GOP Rep. Massie faces backlash for post of him, family members holding guns around Christmas tree

Kentucky congressman posted picture on Twitter four days after teen allegedly killed four high school classmates

Updated: December 6, 2021 - 10:15pm

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GOP Rep. Thomas Massie is facing backlash for a Twitter post Saturday in which he and other family members posed before a Christmas tree with each holding a long-barreled gun and asking Santa Claus to bring them ammunition, four days after a Michigan teen allegedly shot and killed four classmates with a pistol his father recently purchased. 

The photo includes the caption, "Merry Christmas! ps. Santa, please bring ammo." 

"I’m pro second amendment, but this isn’t supporting right to keep and bear arms, this is a gun fetish," said Illinois Republican Rep. Adam Kinzinger.

Fred Guttenberg, the father of Jaime Guttenberg, a 17-year-old girl who was killed during the 2018 Parkland, Florida, school shooting, said, "Since we are sharing family photos, here are mine," displaying first a picture of his daughter with the family dog, followed by a picture of her grave. 

"When you see a representative in Congress posting a photo like this, he is telling those who may be in possession of weapons that it is cool, that it is okay, and people end up killed because of that," Guttenberg later told The Washington Post.

"I’m old enough to remember Republicans screaming that it was insensitive to try to protect people from gun violence after a tragedy" write Democrat Rep. John Yarmuth, who like Massie represents Kentucky.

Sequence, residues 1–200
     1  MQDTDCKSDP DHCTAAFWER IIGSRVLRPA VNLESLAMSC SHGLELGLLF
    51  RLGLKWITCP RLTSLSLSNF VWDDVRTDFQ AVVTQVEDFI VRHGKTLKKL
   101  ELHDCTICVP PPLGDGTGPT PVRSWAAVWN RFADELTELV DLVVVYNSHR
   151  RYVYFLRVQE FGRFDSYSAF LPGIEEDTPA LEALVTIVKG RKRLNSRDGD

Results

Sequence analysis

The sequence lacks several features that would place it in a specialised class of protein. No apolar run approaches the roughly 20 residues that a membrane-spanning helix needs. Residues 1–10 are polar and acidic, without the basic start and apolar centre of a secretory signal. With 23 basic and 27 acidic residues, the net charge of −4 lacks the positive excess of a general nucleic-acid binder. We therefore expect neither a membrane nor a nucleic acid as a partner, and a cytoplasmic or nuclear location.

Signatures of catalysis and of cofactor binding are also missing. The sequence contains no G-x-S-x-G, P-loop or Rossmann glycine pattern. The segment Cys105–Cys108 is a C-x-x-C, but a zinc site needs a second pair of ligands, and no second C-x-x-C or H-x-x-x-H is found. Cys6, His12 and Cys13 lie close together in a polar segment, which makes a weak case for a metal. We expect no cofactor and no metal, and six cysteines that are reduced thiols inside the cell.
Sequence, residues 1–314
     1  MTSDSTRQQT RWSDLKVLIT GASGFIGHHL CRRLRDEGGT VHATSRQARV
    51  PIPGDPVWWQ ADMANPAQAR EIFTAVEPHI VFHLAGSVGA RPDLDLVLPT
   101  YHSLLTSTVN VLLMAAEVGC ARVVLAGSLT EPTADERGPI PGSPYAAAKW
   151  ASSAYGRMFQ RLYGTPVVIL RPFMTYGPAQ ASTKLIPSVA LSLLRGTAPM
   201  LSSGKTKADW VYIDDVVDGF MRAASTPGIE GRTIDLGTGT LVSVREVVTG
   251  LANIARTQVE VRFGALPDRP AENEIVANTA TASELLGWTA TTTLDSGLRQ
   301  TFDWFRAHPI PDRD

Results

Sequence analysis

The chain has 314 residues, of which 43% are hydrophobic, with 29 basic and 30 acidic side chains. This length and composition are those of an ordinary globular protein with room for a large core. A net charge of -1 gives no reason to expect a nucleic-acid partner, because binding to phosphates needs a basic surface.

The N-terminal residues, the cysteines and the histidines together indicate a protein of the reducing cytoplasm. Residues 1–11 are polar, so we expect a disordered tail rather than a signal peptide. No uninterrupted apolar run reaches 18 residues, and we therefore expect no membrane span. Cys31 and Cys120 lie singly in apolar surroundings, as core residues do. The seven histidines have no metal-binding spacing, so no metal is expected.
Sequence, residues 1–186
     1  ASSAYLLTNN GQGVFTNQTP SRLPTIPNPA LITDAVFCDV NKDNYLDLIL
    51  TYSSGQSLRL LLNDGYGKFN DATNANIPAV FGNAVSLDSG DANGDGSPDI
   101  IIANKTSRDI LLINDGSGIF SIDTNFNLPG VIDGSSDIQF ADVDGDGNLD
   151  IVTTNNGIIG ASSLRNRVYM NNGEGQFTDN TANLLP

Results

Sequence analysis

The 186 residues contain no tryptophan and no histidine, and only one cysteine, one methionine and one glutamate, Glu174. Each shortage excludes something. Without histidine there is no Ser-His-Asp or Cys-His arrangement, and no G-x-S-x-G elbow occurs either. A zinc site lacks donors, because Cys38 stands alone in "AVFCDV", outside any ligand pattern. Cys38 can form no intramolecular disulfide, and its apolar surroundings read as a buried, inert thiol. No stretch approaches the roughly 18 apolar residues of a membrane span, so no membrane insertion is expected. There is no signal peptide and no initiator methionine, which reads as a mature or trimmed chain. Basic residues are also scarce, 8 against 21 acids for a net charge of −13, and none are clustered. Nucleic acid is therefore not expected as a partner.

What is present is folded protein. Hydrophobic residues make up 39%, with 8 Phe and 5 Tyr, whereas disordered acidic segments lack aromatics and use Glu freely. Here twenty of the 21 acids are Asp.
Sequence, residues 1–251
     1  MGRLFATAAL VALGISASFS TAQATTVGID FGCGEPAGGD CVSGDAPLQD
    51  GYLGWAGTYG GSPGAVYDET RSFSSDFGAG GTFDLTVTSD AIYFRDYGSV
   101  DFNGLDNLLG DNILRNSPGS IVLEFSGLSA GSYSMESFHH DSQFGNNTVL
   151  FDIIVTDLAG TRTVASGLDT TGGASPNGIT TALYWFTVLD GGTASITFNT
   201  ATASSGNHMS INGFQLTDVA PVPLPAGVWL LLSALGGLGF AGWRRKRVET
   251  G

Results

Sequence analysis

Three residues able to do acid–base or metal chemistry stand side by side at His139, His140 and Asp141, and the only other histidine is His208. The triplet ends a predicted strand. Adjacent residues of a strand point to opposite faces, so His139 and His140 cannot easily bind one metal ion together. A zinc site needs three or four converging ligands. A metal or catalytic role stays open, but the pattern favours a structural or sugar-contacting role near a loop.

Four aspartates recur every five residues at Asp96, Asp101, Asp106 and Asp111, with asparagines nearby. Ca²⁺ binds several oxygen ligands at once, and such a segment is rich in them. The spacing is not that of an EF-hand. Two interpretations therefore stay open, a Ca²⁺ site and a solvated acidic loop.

Michigan Democratic Rep. Haley Stevens called the Massies' digital Christmas card a "sickness."

Massie, who was elected in 2012, has long been an advocate for less stringent gun laws. In April of this year, he introduced a bill that would allow individuals aged 18-20 to buy handguns — current controls set the age limit at 21. 

"Why should a 20-year-old single mom be denied the right to defend herself and her children?" he wrote. "18, 19, and 20-year-olds are considered adults and can vote on important public policy issues. They can also form business contracts, get married, and serve in the military. As adults, these Americans should not be deprived of basic constitutional rights." 

He has also given interviews in the past during which he says that the belief of many of his constituents is that past mass shootings — such as the ones at the Pulse nightclub in 2019, or Columbine High School in 1999 — "wouldn't have been stopped" by harsher gun restrictions.

"See these proposals for what they are," he said. "They're unserious solutions to a real problem."